Coffee Chat with Chad Partin

Chad Partin has served as sheriff for the Coffee County Sheriff’s Department since Sept. 1, 2018.

Where did you grow up?

I am a life-long resident of Coffee County. I grew up in Prairie Plains community of Coffee County, just south of Hillsboro.

I attended elementary school in Hillsboro and then moved on to junior high school in Manchester.

 

Let’s talk a bit about your family and hobbies.

I have agricultural background as well as law enforcement. Farming is what I was born into. We raised a lot of livestock. My dad farmed most of his life, and he worked for the State of Tennessee at the same time. My mom was a schoolteacher.

My wife, Leann, is a schoolteacher. Leann has taught for 28 years. She works for the City of Manchester Schools System, teaching at College Street Elementary.

My daughter, Maggie, is 19. She is going to nursing school at Tennessee Tech. She wants to be in the medical field. My son, Will, is a sophomore in high school. He is a football and basketball player. Leann stays busy with the kids.

I am still involved in the farming operation. I have some relatives that are in the grain business and farming. When I have some time, that’s my way to get away – I go to the field and help them harvest and get grain moved.

My family still farms, too. Farming is an enjoyment for me, it takes my mind off some of the activities at the office.

As a farm boy, I have spent a lot of time on tractors. I am enthusiastic about tractors. I am a tractor collector. My father and I collected several antique tractors over the years, and I have restored tractors. I have about 30 tractors.

I like being in the agricultural world as much as I can.

 

When did you begin your career with law enforcement?

I was in college at MTSU when I came to work at the Coffee County Sheriff’s Department in 1993. I had been a reserve for the City of Manchester for a year before I got hired at the sheriff’s department. In Coffee County, I worked in corrections. And then I went to Warren County and worked as a deputy and as investigator before I was promoted to sergeant.

After that I went to work for the Judicial Drug Task Force here in Coffee County, working at the District Attorney General’s office. I stayed there about eight years. I worked for the Emergency Management and Homeland Security for a while, and then I came back to the sheriff’s office to work as a detective for several years.

Now I am here as a sheriff. I started on Sept. 1, 2018, so this is my one-year anniversary as a sheriff.

For a farm boy from Coffee County, I am very blessed and fortunate to be where I am.

 

What are your goals for the department?

We just completed our first budget and we did very well. We made some compromises with several line items to help save the county some money. I was happy to get nearly a $2-per-hour increase to help our corrections officers with moneys we worked to save internally with our departmental budget. Now we are going to try to help the rest of the department, and I would like to see what we can do to help all county employees.

Coffee County seems to get hit with big building projects like this jail – we spent about $20 million for this jail – and when you have big projects like this one, that takes away from the employees.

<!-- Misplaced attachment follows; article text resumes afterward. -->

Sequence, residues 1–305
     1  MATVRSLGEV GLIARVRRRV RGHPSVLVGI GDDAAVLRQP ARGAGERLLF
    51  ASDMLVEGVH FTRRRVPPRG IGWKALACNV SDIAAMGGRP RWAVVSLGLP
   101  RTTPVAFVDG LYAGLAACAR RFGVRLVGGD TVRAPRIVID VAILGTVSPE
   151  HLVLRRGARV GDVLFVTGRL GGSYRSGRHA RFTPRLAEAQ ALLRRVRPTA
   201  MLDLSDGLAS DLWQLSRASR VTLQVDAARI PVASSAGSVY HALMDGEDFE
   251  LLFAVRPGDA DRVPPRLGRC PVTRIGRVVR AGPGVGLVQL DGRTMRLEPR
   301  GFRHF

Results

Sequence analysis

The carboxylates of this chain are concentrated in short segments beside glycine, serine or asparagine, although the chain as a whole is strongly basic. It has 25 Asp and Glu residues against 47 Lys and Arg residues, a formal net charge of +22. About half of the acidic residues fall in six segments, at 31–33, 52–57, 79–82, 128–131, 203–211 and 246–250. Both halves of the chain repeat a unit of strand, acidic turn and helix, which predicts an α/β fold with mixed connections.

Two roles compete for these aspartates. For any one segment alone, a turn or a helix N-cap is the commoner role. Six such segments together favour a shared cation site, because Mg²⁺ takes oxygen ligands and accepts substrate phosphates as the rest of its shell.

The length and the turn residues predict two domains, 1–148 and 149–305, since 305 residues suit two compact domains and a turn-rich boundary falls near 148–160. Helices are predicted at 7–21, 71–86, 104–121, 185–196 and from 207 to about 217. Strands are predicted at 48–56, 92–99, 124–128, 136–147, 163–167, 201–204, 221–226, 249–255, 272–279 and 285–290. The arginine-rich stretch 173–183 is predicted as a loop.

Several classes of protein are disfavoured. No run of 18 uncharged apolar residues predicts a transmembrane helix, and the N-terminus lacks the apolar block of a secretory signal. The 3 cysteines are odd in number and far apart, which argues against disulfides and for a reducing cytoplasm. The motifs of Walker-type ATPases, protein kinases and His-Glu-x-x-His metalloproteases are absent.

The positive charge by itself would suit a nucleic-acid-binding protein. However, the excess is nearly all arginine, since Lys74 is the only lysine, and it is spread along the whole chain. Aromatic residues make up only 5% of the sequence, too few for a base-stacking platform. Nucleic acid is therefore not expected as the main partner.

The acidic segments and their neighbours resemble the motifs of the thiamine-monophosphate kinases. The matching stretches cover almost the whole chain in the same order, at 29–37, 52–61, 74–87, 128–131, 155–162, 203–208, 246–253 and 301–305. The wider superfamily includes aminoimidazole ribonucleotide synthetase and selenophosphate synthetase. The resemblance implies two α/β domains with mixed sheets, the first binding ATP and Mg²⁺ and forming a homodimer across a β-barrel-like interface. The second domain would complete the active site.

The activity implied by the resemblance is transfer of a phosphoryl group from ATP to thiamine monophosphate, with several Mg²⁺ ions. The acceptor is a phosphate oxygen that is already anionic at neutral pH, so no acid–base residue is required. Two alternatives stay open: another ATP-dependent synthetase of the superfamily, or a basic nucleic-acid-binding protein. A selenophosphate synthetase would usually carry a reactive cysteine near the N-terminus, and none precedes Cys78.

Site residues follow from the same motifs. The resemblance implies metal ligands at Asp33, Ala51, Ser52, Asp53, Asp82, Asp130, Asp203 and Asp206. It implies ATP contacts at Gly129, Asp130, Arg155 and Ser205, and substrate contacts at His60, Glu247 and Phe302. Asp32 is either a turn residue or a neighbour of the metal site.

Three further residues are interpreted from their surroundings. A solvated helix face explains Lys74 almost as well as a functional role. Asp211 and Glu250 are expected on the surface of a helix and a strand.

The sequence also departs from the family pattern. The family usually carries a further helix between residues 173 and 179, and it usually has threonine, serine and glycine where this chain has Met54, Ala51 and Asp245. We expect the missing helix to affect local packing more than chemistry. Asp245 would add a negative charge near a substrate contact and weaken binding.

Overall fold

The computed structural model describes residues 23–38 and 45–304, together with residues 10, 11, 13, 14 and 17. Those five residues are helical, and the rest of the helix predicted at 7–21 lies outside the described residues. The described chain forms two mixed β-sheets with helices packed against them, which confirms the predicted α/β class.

It’s easy to spend money, but we need to be a good steward of the tax dollars and get the biggest bang for the buck, it takes time and studying. We have to prioritize.

I want to try to keep raising the benefits for my employees. Without the employees we can’t operate. If we have good pay and good benefits, then we will retain long-time employees. Unfortunately, most of the folks that come here stay for a year or two and then move on somewhere else.

I want to keep training. We need to do active shooter training and courthouse security training, Sgt. Daniel Ray is going to be a security instructor, so we will be able to do our own training here.

I want to continue to work on services for our inmates. There are all kinds of programs, such as (work release) and re-entry programs. but it’s about having the time, space and ability to put those services in place. I want to do something for the female inmates. I’ve been talking with the county and private business folks about what we can do to have some long-term training and re-entry programs for the women.

We are always trying to keep our equipment in good shape and upgrade. We have reopened our shop – we have a maintenance shop here and we can work and (repair) our vehicles.

Hopefully that will show cost savings.

We are in the process of buying new uniforms and new bulletproof vests to change the look of our officers.

 

What is your favorite part of the job?

I am 47, and I have been in and out of the sheriff’s department since I was 19. Over half of my life, I spent preparing to do the job. There are stressful days and the jail takes most of my time, but that’s part of it.

The positive part is being able to answer somebody’s question and help resolve an issue.

Our biggest success is our SRO program, having our school patrol cadets and having our summer camp. My staff pulled that off without a hitch. It has been a success.

This experience has made me reflect on what the job is about – helping people and helping the citizens of the county.

I like interacting with the other sheriffs. I have known the sheriffs from the surrounding counties for a long time and we are friends. I am very proud of the work the sheriffs are doing.